When the Orangemen ran onto the turf, however, the WVU fashion statement quickly took a backseat to the look of the Orange (extremely orange). The home team came out with a look usually reserved for prison inmates, orange from head to toe. The end zone pylon look gave the ‘Cuse the title, the first in a series of early victories.
On the football field, the Mountaineers found the first major break of the game. On Syracuse's opening series, the Orange put the ball on the turf for the first time. On a third down and three, WVU linebacker Scott Gyorko popped Syracuse tailback Walter Reyes to jar the ball loose, and as has been the case all season long, Lance Frazier was there to make the play. Frazier fell on the loose pigskin at the Syracuse 28 yard line, and the Mountaineer offense was in business. The bone jarring tackle left Reyes on the turf with a knee injury, and he would not return for the remainder of the opening half. In what would prove to become a reoccurring theme in the opening quarter, however, the Blue and Gold could not take advantage of the golden opportunity and left the field with no points after a missed Brad Cooper field goal attempt from 42 yards out.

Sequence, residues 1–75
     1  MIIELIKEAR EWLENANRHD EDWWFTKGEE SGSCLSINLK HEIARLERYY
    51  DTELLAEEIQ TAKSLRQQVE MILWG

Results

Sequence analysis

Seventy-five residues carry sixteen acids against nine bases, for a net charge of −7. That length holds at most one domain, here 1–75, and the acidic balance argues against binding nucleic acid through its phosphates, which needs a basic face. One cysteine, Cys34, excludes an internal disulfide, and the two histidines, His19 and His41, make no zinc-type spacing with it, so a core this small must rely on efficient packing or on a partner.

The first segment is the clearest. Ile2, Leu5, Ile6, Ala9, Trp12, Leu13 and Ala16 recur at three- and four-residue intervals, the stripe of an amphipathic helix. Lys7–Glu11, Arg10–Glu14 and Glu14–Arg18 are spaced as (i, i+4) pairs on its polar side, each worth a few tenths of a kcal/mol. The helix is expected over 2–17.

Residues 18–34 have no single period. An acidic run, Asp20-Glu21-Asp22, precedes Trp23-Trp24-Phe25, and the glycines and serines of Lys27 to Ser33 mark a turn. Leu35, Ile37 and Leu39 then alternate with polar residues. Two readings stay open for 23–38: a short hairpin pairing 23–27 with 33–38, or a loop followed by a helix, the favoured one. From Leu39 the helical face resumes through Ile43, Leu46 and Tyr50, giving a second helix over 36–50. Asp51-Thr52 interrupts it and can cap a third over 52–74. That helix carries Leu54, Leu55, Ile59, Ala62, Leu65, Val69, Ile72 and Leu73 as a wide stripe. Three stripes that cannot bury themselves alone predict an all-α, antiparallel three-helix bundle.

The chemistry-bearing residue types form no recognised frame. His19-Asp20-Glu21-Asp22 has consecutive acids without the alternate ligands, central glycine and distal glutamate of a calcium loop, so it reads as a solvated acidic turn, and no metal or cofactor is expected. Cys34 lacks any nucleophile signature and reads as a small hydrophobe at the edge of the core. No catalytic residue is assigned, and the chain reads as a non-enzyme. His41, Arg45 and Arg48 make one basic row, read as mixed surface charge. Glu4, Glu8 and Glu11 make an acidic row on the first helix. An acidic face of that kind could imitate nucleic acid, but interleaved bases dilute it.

It would not take long for the Orangemen to take advantage of the lack of production from Rasheed Marshall and the WVU offense. After taking over on their own 25 after Cooper's attempt sailed wide right, Syracuse quarterback R.J. Anderson went to the air. The senior signal caller, who wears the number five that has found the backs of so many ‘Cuse signal-callers over the years, hoisted a high arcing spiral toward the SU sideline where senior receiver Johnnie Morant had a step on West Virginia defensive back Lance Frazier. The ball hung in the air slightly too long, and both Frazier and fellow cornerback Pacman Jones looked to have a shot at a breakup. Frazier's arms were a few inches short as the ball found its way past his fingertips and into the waiting arms of the Orangemen wideout. Jones, who made a diving attempt at an interception instead of going for the stop fell to the turf, and nothing but green Astroturf lay ahead of the Syracuse receiver. The senior trotted untouched into the end zone, and Paul Pasqualoni's squad took an early 7-0 advantage. West Virginia fans and players alike were in a state of shock, but they were not going to sit around and feel sorry for themselves.